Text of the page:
We have already witnessed the federal government targeting the real estate industry when it comes to money laundering and Financial Transactions and Reports Analysis Centre of Canada (FINTRAC) compliance.
Large fines have been levied against brokerage firms that have not been in compliance at the time of the audit. Here are some questions to ask to see if you are ready in case the FINTRAC auditors come calling.
1. Does your firm have an up-to-date FINTRAC policy and a FINTRAC compliance officer? Has everyone in your firm taken the required training online?
It is not enough to just have a FINTRAC policy. Every member of the brokerage, including sales reps, brokers and all employees should have read your company FINTRAC policy and taken the five modules on money laundering available through CREA. This should also be documented and records must be kept of this.
2. Does your brokerage provide FINTRAC update education every two years for all members of the firm, to confirm that any new guidelines are understood and followed?
For example, new FINTRAC guidelines for identifying individuals will take place after June 30, 2017. Is your firm aware of the changes? I have been providing FINTRAC update education courses for brokerages and real estate boards for the last several years. I have tried to demonstrate in my seminars that complying with FINTRAC can actually increase business if approached in a positive manner.
3. Does your firm properly identify clients?
This may be the most important information reviewed by FINTRAC auditors. Are you making sure that your clients have a connection to Canada? The more connected they are, the less likely they will be involved in illegal activities. The more you know about a client’s employment and occupation, the easier it is to build a relationship with them. And you are complying with FINTRAC at the same time.
4. What are you doing to monitor clients in a business relationship?
If a client conducts a second transaction with your brokerage within five years, they are said to be in a business relationship with your firm and this may require ongoing monitoring.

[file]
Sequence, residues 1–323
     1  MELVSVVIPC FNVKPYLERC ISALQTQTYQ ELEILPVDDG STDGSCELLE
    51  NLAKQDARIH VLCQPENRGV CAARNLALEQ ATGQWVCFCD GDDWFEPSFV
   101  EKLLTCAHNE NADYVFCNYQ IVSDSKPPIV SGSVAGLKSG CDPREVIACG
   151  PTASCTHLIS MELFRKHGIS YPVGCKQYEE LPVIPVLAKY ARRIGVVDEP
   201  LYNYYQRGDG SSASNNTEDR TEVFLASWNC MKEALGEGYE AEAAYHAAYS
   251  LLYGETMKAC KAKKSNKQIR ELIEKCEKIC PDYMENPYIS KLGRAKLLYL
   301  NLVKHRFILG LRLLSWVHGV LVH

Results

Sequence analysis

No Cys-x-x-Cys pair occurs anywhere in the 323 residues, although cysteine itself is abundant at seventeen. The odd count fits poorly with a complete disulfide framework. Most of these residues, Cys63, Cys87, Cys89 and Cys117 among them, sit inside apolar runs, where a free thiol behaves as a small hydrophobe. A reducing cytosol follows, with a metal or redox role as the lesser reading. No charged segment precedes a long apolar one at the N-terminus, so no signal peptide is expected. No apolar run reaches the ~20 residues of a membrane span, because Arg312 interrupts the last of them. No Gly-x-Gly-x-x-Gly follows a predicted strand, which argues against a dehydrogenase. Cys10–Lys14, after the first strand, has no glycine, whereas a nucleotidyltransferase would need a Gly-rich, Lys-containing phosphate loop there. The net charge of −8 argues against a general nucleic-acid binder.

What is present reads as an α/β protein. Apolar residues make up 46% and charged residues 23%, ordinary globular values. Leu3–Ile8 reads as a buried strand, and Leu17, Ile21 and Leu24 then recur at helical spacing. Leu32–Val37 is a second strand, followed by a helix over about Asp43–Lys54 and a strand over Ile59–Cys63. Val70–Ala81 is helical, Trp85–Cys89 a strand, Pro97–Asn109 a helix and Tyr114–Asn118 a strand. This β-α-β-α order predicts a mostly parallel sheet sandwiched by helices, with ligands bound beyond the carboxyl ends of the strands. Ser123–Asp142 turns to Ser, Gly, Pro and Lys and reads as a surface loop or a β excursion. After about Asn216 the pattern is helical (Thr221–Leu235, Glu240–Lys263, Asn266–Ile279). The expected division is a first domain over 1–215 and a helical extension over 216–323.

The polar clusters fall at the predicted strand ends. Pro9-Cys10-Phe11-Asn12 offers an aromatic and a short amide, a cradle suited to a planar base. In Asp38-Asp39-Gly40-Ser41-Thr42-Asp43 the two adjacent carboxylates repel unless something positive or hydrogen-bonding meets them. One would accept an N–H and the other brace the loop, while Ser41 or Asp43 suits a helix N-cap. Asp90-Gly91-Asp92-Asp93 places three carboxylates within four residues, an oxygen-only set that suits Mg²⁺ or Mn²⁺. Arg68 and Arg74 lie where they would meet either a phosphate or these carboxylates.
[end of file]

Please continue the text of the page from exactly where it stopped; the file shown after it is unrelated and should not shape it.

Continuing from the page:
Does your firm have a policy in place to identify whether any new client has in fact done a deal with your brokerage in the last five years, and if so, how is this client to be monitored? What additional questions should the client be asked about their new purchase or sale and whether they are in the ordinary course of the client’s business?
5. Every broker of record is required to do a comprehensive risk assessment of their brokerage every two years.
Unfortunately, most just check off some boxes on a form, stating that they have checked their records and their risk has not increased. Unfortunately, in almost all audits that I have seen, this is considered to be a serious concern of the auditors. They expect you to have reviewed a substantial number of random files to confirm that all documents have been properly prepared, signed and filed and that you have also considered other factors, including whether your firm deals with properties that are close to the U.S. border, whether your agents are part-time or full-time and the general crime rate in your own area.
Does your brokerage insist, for example, that no commission will be paid unless and until all documents, including FINTRAC, are properly completed and filed? This should be standard practice.
by Mark Weisleder
This article originally appeared in the February 6, 2017 edition of REMonline. Reprinted with permission.